Ego and Self (and Resistance)

Let’s revisit the quote from Rabbi Mordecai Finley that we cited two weeks ago.

“There is a second self inside you, an inner, shadow Self. This self doesn’t care about you. It doesn’t love you. It has its own agenda, and it will kill you. It will kill you like cancer. It will kill you to achieve its agenda, which is to prevent you from actualizing your Self, from becoming who you really are. This shadow self is called, in the Kabbalistic lexicon, the ‘yetzer hara.’ The yetzer hara, Steve, is what you would call Resistance.”

I believe absolutely that Rabbi Finley’s statement is true.

There is a second self inside us, and it is exactly as Rabbi Finley describes.

But why? Why would such an entity exist? Are you and I half-demonic? Do we have the Alien living inside us?

What would be the purpose—in evolutionary terms, if nothing else—of such a psychic structure?

Seth Godin’s theory is that it’s the “lizard brain,” the amygdala, a holdover from millions of years ago. He may be right.

Here’s what I think:

I think the human being, in her deepest soul-nature, possesses two potential identities.

The ego is one.

The Self, in the Jungian sense, is the other.

I define the ego as the conscious mind, the “I” that applies reason, that sets goals, that helps us navigate the 405 Freeway and the Major Deegan Expressway.

The ego believes certain truths and lives by them. Here are a few.

Death is real. We are all mortal.

Time and space are real.

Each individual human is separate from every other. I can hurt you and it will not impact negatively on me.

The Self, on the other hand, is the deeper “unconscious” mind. It is not rational. It is quantum. It operates beyond the realm of reason and by other, more counterintuitive laws. The Self believes and operates by different truths than the ego.

Death is not real. The soul is immortal.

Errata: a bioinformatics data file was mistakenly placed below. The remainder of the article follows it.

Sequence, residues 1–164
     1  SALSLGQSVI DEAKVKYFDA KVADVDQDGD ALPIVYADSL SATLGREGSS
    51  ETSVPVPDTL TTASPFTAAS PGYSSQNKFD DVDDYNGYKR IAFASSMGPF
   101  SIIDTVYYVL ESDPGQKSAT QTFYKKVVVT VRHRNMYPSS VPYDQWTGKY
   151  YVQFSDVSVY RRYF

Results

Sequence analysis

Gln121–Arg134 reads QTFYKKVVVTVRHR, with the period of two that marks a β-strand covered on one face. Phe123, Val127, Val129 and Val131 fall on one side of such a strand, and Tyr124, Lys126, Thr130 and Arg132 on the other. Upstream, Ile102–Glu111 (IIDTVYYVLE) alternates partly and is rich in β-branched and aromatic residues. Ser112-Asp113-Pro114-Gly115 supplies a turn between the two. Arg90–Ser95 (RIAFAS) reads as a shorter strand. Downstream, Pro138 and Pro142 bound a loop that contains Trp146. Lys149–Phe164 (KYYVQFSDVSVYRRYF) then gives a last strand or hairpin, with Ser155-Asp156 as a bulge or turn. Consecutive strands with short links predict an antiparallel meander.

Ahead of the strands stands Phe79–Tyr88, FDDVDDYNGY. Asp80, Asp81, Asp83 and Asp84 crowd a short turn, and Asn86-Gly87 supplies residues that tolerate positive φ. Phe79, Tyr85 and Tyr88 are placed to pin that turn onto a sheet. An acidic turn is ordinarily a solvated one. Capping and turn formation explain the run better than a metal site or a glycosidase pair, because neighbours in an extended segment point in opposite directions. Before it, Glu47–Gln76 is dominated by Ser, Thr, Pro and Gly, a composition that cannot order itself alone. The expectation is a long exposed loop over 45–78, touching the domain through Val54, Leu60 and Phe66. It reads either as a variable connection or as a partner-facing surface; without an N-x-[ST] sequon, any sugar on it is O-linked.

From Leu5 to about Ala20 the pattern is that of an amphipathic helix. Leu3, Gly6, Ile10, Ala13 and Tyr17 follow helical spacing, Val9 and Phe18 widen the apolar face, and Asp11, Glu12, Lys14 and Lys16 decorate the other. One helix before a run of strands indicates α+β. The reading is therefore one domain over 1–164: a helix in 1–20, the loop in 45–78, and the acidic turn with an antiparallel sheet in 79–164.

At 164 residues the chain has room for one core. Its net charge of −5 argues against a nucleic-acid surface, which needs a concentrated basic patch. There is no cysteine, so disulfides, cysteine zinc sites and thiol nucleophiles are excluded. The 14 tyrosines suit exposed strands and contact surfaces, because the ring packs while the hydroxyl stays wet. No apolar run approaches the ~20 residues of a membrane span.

Time and space are not real. The gods travel “swift as thought.”

Each individual is bound inextricably to every other. If I hurt you, I simultaneously and with equal impact hurt myself.

The primary emotion that the ego lives by is fear.

The primary emotion that the Self lives by is love.

What, then, is Resistance?

Resistance is the weapon the ego uses to prevent the individual from seating her identity in the Self.

 

 

 

 

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28 Comments

  1. Glenn on December 4, 2019 at 3:42 am

    Thank you for this . It’s been a long time since I’ve read this Truth about Self, ego and Resistance and I needed the reminder.

  2. Mary DOyle on December 4, 2019 at 4:51 am

    Thanks for this succinct rendering of the Ego and the Self – it’s as good a description as I’ve ever seen!

  3. Lyn Blair on December 4, 2019 at 8:27 am

    Yes, exactly. That’s what I believe too, only you said it so much better than I have. Discerning Resistance from Self intuition is our daily challenge. We are each our own sentinel at the gate of thought.

  4. Brian Nelson on December 4, 2019 at 9:01 am

    Steve,
    I find these posts the most compelling. This inner battle is maddening. On posts about Resistance, I’ve found it helpful to re-read some of the comments a few days later. One post was about how Resistance was kicking his/her a$$ for the past few years….

    I one of think the difficulties in ‘Turning Pro’, or becoming/maintaining an ‘adult’ perspective is that the battle is never over. Maybe another way to say is is that my ‘Self’ is a bit naive, continually underestimating the tenacity of Resistance.

    Because this battle is never over, your posts are akin to Division finally getting that ammo to the forward platoons. We need it. Thank you.
    bsn

  5. Michael Scarborough on December 4, 2019 at 9:13 am

    A question I have is whether these identities are separate and discrete from one another, or lie along some kind of continuum that our conscious being selectively utilizes to get through the challenges of each day.

  6. K on December 4, 2019 at 9:31 am

    Thank you 🙂

  7. Maureen Anderson on December 4, 2019 at 9:34 am